That being said, GPS data can be effectively used as a memory aid for manual contact tracing (that is, you check your own data to make sure that all possible points of exposure are covered), and limited, aggregate GPS data can be used to create heatmaps of possible COVID-19 hotspots. While it is theoretically possible to anonymise this data in such a way that it cannot be individually identifiable, anonymisation is fallible, and systems claiming to use anonymised GPS data should be scrutinised.
Thus, there is significant momentum around the peer-to-peer option, and several tracing applications have been built on these Bluetooth protocols. One example of this is Singapore’s TraceTogether application, where the Ministry of Health (a Central authority) stores user IDs on an encrypted server. However, alternate versions of this protocol exist that more thoroughly mitigate privacy risks, and ensure that users create their own, securely generated IDs, thereby lowering the possibility of data misuse, abuse, or hacking.
The Indian government has promised that personal data will be encrypted to preserve privacy, and that personal information will only be used to inform users of possible infection. However, the collection of location data and centralised storage of Bluetooth IDs, as well as the lack of information around specific anonymisation, data sharing, and data storage protocols, creates a strong cause for concern. Privacy advocates have called for tech responses to the pandemic to be foremost opt-in, necessary, and proportionate. Further communications and deployments from the government should be carefully evaluated to ensure these standards are met.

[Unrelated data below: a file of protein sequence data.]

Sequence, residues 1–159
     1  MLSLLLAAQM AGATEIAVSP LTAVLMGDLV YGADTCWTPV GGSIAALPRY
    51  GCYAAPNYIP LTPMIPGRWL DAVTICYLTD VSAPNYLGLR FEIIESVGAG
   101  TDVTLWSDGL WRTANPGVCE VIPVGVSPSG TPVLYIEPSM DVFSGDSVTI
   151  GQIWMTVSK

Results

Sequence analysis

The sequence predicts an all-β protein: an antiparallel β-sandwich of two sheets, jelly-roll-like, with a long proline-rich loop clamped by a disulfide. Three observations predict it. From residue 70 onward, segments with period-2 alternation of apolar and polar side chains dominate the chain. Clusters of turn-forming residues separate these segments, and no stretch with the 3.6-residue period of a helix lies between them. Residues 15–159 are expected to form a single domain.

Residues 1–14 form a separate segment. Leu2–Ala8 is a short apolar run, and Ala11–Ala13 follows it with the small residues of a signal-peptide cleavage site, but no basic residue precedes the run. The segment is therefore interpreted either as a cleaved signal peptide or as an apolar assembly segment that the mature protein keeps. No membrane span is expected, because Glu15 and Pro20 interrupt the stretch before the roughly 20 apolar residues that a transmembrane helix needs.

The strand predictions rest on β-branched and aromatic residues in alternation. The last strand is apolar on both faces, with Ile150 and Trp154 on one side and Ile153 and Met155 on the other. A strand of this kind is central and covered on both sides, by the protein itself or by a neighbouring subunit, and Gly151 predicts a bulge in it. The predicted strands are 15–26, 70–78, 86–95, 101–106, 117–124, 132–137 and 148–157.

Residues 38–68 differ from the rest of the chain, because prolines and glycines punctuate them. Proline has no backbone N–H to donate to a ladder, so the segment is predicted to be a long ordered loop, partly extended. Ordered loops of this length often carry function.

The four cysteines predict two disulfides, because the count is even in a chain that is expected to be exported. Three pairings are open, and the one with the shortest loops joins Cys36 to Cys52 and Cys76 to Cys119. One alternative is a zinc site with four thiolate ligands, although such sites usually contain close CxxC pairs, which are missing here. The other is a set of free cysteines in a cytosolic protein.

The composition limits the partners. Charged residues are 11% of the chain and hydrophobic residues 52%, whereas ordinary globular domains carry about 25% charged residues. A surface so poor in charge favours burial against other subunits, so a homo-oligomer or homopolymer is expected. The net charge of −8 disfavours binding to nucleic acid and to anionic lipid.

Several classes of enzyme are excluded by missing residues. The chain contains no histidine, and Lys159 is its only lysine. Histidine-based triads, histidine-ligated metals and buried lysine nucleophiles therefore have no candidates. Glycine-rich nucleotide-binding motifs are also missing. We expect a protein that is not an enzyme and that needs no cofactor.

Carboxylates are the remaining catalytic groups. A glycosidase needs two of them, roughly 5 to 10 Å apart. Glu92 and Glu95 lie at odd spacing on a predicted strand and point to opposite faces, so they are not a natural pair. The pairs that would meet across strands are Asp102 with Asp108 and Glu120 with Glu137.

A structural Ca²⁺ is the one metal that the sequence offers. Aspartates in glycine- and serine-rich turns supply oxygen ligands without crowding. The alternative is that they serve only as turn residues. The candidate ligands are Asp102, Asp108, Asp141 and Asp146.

In addition to concerns for citizen privacy, there are other dangers of tracing applications. These include social stigma and harassment of individuals and communities, particularly in the case of religious and communal targeting. This is especially relevant as the pandemic has highlighted existing communal tensions and material disparities, which must not be further exacerbated through technology. Prioritising and protecting already vulnerable groups should be the priority of any tracing protocol.
Additionally, certain groups of citizens may have more access to the kind of hardware needed for tracing technology. While most smartphones will be able to run these applications, smartphone users only make up less than a third of the country’s population. Digital contact tracing will still be extremely valuable, especially in metropolitan areas. However, too much stock should not be put in containing the virus through a means that is only available to a fraction of the country’s residents. It is essential that the government invests in hiring and training manual tracers.
There are strong arguments for using digital contact tracing to battle COVID-19, and reasons to believe that privacy and civil liberties can be preserved in building out these technologies. However, to ensure that privacy-preserving protocols are actually implemented, transparency, experimentation, and oversight will be critical in the days to come, particularly through the involvement of advocacy and civil society organisations. At the end of the day, no technical solution can guarantee privacy or safety to citizens. Contact tracing methods can only work alongside other efforts to expand testing and medical capacity, produce and allocate supplies, and provide care, sustenance, and resources to all struggling individuals and families.